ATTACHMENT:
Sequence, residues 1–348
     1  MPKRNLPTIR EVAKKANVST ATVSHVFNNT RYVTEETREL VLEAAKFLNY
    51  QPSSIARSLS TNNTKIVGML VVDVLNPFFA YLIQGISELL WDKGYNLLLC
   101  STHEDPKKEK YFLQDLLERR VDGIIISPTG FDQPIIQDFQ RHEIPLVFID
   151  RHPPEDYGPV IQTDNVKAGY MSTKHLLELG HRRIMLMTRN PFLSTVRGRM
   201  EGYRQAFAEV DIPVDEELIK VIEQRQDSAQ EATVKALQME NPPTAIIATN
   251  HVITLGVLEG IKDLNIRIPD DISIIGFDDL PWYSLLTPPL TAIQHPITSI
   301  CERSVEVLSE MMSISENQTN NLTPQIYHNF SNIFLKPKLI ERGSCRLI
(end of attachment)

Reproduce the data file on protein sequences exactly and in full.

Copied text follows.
Sequence, residues 1–348
     1  MPKRNLPTIR EVAKKANVST ATVSHVFNNT RYVTEETREL VLEAAKFLNY
    51  QPSSIARSLS TNNTKIVGML VVDVLNPFFA YLIQGISELL WDKGYNLLLC
   101  STHEDPKKEK YFLQDLLERR VDGIIISPTG FDQPIIQDFQ RHEIPLVFID
   151  RHPPEDYGPV IQTDNVKAGY MSTKHLLELG HRRIMLMTRN PFLSTVRGRM
   201  EGYRQAFAEV DIPVDEELIK VIEQRQDSAQ EATVKALQME NPPTAIIATN
   251  HVITLGVLEG IKDLNIRIPD DISIIGFDDL PWYSLLTPPL TAIQHPITSI
   301  CERSVEVLSE MMSISENQTN NLTPQIYHNF SNIFLKPKLI ERGSCRLI